I always been very sensitive to minute changes in my throat as it relates to speaking and singing, and I think that helped me catch it very early, and ease my way back sooner than expected. And once I was back, I was pretty careful not to overdue it for the first show or two. But, it feels soooo good to be 100% healthy again. Actually, the whole cast is back healthy again, and the show is really flying now. I love my job!!!

And along those lines, in closing, I have to share a story with you. Precisely as I'm beginning this blog post, I receive an email from a member of my extended family, Annette Mutch. When I read it, I knew I had to include it here. It's the mother of all 'sick-at-work' stories... here it is:

Bob is a commercial saturation diver for Global Divers in Louisiana. He performs underwater repairs on offshore drilling rigs.

Below is an E-mail he sent to his sister. She then sent it to radio station 103.5FM in Indiana, who was sponsoring a worst job experience contest. Needless to say, she won. Read his letter below.

~Hi Sue,
Just another note from your bottom-dwelling brother.

Last week I had a bad day at the office. I know you've been feeling down lately at work, so I thought I would share my dilemma with you to make you realize it's not so bad after all. Before I can tell you what happened to me, I first must bore you with a few technicalities of my job.

As you know, my office lies at the bottom of the sea. I wear a suit to the office. It's a wet suit. This time of year the water is quite cool. So what we do to keep warm is this: We have a diesel powered industrial water heater. This $20,000 piece of equipment sucks the water out of the sea. It heats it to a delightful temperature. It then pumps it down to the diver through a garden hose, which is taped to the air hose.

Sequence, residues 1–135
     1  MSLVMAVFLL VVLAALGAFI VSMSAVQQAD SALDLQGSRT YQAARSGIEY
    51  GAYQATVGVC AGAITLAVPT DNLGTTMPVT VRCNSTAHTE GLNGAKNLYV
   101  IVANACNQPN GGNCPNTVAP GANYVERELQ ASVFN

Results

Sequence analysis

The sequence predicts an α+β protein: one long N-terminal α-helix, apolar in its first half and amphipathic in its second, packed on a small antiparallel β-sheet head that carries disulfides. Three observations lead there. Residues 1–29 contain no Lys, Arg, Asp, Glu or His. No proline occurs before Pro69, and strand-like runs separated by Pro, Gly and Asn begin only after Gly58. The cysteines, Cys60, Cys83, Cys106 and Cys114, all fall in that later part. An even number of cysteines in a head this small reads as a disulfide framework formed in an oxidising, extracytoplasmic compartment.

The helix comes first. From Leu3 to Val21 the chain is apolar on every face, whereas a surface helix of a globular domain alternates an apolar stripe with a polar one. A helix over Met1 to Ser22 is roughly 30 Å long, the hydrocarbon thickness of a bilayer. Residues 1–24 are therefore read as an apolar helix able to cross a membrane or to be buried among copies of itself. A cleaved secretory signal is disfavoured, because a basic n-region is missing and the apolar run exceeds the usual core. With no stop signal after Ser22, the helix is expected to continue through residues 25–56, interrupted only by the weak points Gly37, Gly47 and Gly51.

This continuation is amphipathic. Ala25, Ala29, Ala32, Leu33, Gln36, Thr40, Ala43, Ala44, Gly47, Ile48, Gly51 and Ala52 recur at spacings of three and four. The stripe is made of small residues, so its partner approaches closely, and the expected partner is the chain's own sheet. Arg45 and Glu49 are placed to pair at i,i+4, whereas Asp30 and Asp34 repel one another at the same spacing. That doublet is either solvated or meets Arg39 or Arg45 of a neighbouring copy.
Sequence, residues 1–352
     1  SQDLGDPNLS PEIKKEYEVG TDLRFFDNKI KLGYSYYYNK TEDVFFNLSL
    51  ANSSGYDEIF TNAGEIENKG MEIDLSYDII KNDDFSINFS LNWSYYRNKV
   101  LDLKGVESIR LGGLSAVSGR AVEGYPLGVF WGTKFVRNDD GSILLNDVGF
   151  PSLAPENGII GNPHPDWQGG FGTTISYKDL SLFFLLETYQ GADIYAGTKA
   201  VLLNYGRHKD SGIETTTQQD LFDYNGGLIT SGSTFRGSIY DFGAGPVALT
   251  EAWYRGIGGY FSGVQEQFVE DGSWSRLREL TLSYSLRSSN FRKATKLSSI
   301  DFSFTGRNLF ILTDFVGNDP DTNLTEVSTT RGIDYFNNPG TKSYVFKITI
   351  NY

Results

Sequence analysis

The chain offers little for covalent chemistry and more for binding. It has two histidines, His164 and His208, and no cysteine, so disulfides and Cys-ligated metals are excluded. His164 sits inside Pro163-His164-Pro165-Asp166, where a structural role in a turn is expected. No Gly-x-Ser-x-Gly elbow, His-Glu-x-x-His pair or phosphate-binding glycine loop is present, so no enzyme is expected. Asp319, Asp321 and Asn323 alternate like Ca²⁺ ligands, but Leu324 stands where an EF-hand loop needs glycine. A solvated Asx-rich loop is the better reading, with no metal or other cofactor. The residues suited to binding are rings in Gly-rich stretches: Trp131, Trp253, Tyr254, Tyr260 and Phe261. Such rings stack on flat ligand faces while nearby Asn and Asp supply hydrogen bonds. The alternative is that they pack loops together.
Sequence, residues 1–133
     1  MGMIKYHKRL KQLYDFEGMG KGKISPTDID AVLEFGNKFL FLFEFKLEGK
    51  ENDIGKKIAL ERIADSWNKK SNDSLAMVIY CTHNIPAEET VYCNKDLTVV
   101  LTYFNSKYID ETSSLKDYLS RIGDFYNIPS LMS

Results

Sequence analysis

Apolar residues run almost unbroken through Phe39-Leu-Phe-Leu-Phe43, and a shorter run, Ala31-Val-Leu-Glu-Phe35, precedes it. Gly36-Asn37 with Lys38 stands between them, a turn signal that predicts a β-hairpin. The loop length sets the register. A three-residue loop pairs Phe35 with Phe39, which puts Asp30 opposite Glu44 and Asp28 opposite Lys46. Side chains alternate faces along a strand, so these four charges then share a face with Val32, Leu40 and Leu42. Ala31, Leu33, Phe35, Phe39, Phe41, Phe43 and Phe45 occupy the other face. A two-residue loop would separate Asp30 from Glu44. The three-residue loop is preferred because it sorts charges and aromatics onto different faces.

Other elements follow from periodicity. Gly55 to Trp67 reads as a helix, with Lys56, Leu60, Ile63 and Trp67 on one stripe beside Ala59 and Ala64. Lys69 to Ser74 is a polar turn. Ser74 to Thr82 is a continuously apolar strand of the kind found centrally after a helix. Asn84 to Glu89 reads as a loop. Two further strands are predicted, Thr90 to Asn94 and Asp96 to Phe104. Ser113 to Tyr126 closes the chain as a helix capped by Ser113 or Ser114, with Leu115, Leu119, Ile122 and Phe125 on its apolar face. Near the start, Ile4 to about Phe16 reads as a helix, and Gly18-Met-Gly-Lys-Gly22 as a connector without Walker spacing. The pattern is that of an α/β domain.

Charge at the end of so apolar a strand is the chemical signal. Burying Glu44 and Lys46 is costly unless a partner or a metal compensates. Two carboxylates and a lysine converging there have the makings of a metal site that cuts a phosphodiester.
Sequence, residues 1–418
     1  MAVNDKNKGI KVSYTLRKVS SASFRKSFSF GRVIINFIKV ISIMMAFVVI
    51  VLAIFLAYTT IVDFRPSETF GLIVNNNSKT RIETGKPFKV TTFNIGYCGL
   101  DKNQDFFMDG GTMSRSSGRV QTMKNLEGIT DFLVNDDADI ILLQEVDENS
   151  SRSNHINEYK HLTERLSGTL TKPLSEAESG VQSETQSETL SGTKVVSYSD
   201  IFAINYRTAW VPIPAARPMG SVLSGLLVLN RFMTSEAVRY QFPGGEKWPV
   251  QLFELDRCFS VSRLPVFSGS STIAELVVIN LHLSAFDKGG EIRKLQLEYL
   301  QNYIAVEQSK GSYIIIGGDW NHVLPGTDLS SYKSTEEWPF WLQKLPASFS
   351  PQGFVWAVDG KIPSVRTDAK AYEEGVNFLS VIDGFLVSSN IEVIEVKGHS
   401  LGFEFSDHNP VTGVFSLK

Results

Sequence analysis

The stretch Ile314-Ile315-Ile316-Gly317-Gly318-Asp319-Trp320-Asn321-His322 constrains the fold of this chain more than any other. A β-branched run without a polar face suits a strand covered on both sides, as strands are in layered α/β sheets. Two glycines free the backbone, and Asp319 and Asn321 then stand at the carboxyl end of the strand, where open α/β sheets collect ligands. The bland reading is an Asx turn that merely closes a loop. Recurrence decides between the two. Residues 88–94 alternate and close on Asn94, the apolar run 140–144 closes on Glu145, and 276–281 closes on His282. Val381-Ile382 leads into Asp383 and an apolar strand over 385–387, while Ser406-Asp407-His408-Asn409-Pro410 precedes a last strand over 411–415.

Now this sounds like a darn good plan, and I've used it several times with no complaints. What I do, when I get to the bottom and start working, is take the hose and stuff it down the back of my wet suit.

This floods my whole suit with warm water. It's like working in a Jacuzzi. Everything was going well until all of a sudden, my butt started to itch. So, of course, I scratched it.

This only made things worse. Within a few seconds my ass started to burn. I pulled the hose out from my back, but the damage was done. In agony I realized what had happened. The hot water machine had sucked up a jellyfish and pumped it into my suit. Now, since I don't have any hair on my back, the jellyfish couldn't stick to it, however, the crack of my ass was not as fortunate.

When I scratched what I thought was an itch, I was actually grinding the jellyfish into the crack of my ass.

I informed the dive supervisor of my dilemma over the communicator. His
instructions were unclear due to the fact that he, along with five other divers, were all laughing hysterically. Needless to say, I aborted the dive.

I was instructed to make three agonizing in-water decompression stops totaling thirty-five minutes before I could reach the surface to begin my chamber dry decompression. When I arrived at the surface, I was wearing nothing but my brass helmet. As I climbed out of the water, the medic, with tears of laughter running down his face, handed me a tube of cream and told me to rub it on my butt as soon as I got in the chamber. The cream put the fire out, but I couldn't shit for two days because my ass was swollen shut.